Published on Saturday, April 14, 2001 in the International Herald Tribune
Washington Should Look Beyond Short-Term Interests in Asia
by William Pfaff
The classical definition of national interest says that foreign policy must defend the state against threats to its power.
Power is taken as an end in itself.
Dealings with other states are treated in zero-sum terms: I win, you lose. If you win, I lose. Concessions are seen as national humiliations. The China-U.S. standoff over the downed American intelligence aircraft was treated in this way in much of the press, and in the Washington political debate. Conservatives in both Washington and Beijing insisted that compromise would produce a humiliating loss of national prestige.
The agreement actually achieved by President George W. Bush and his administration contains ambiguous expressions of regret by the United States, and the promise of a future meeting at which China's intention to raise the question of "U.S. reconnaissance missions near China" is recognized.
Thanks to this diplomatic inventiveness, hawkish critics of the Bush administration have been able to accept the agreement by contending that the episode "sweeps away illusions" that China is not an enemy of the United States.
The idea that China is the enemy rests on the assumption that China's hostility to surveillance by U.S. aircraft and naval vessels reflects an ambition to replace the United States as the paramount power in East Asia - which undoubtedly is true - and concludes that the American power position has to be defended.
This reflects a classical conception of power and state relations, as old as the European dynastic state. It says that the proper purpose of state policy is to augment state power and "glory." Power comes from territorial conquests. Glory comes from victories in battle and from the material magnificence of the monarch's court. (In today's case, the splendors of the U.S. economy would probably substitute.)
The classical idea of war for national aggrandizement was supposed to have been ended by the World War I. War for traditional purposes had a bad name after that. What followed was ideological war.
The United States thrived in the ideological age because it believes that it is the product of great progressive ideas, which it can and should transmit to others, including the Chinese.
One should not forget that President Franklin Roosevelt insisted on presenting Chiang Kai-shek's China as a nearly democratic protégé of the United States, to be treated as one of World War II's allied "big four." Much subsequent bitterness in American-Chinese relations arose from the fact that the Chinese rejected Chiang, accepted Mao and spurned Washington's patronage.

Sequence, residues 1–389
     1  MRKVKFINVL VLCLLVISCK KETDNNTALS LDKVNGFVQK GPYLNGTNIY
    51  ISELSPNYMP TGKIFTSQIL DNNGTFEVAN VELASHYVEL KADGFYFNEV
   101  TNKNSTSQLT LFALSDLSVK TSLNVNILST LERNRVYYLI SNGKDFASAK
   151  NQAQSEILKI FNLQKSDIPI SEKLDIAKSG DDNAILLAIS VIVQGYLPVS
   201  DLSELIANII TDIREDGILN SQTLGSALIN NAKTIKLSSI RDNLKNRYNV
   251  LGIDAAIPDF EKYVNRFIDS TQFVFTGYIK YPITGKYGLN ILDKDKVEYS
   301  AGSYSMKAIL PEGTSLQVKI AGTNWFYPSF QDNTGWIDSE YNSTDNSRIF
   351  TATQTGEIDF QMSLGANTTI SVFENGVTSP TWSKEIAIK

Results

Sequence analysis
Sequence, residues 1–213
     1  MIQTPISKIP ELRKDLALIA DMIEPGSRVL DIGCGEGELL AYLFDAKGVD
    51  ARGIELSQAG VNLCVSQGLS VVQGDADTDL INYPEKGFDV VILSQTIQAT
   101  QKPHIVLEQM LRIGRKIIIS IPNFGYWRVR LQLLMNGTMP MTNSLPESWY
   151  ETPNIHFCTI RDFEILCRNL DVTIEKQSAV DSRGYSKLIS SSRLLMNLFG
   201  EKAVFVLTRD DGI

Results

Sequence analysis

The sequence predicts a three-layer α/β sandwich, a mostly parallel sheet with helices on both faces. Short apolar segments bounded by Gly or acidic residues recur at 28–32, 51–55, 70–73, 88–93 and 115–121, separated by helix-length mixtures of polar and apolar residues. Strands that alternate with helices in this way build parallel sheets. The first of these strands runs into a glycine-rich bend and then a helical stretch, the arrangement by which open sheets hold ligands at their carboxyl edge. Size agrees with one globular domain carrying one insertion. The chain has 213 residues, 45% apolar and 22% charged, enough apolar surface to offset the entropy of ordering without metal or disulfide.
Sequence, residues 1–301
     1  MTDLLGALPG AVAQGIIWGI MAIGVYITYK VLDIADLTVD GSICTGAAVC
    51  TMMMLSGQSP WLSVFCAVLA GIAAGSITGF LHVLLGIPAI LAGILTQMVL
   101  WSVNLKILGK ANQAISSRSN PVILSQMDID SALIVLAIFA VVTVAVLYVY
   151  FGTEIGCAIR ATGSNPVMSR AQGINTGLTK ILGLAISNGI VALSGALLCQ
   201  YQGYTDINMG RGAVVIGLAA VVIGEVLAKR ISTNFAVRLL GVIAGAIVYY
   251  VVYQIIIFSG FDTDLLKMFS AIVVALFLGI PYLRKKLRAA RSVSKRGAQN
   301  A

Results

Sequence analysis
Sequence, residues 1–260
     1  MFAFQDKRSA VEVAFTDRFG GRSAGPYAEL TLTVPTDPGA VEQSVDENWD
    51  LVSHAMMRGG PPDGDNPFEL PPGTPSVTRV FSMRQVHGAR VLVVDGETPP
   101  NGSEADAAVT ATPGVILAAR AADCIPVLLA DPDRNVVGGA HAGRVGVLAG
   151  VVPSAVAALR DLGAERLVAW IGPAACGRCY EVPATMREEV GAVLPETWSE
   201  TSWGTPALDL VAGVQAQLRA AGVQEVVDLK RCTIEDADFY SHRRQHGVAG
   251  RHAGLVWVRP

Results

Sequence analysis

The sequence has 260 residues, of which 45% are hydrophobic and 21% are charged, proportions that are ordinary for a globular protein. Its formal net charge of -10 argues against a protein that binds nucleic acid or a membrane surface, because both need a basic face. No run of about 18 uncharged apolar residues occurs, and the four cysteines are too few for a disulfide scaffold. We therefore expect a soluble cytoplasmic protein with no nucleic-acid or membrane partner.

Classical power rivalry is not the only way to look at international relations. Foreign policy whose long-term objectives are peace and order looks for short-term adjustments and compromises that can accommodate the legitimate interests of other states, while checking their illegitimate, aggressive and peace-disrupting actions.
Doing so is known as statesmanship. It tries to make realistic assessments of power relationships and national interests. In the Chinese-American case, its starting point has to be that China is where it is, and the United States is on the opposite side of the Pacific Ocean. Since 1945 and the defeat of Japan, the United States has been in the abnormal situation of effectively dominating Japan, formerly East Asia's greatest power.
The United States keeps large military installations in Japan, where 21,000 U.S. troops are stationed. As a result of the Korean War, Washington also now keeps a force of 36,000 in South Korea - a country that U.S. diplomacy had, in 1950, identified as outside the zone of U.S. security interest.
This military deployment has only remotely to do with the security of the United States. Neither China nor Japan has now or ever had an interest in conquering the United States.
Japan in 1940 wanted to drive the United States and the European colonial powers out of the western Pacific, which it considered its legitimate zone of interest.
Even in the days of the Vietnam war, China had no global ambitions, despite much nonsense said in official Washington at the time. It has always seen itself as a self-sufficient empire, demanding acknowledgment of its suzerainty over its small neighbors and international respect as a great power. That presents problems for its small neighbors, and possibly for its larger ones. But it certainly does not threaten the United States. China's hostility to American military patrols on its borders is a normal reaction.
The question for both China and Japan is: What does the United States want, since it is the non-Asian actor in this situation? Being the foreign power, it must in the long term leave the region to them, and to the smaller political actors in Asia. They can see this, even if today's Washington cannot.
What the United States cannot reasonably want is to exercise permanent power in the Far East, against China's hostility, and eventually that of Japan, which sooner or later will shake off its subordination to the United States. However, that is a long-term consideration, and Washington deals in the short term.
Copyright © 2001 the International Herald Tribune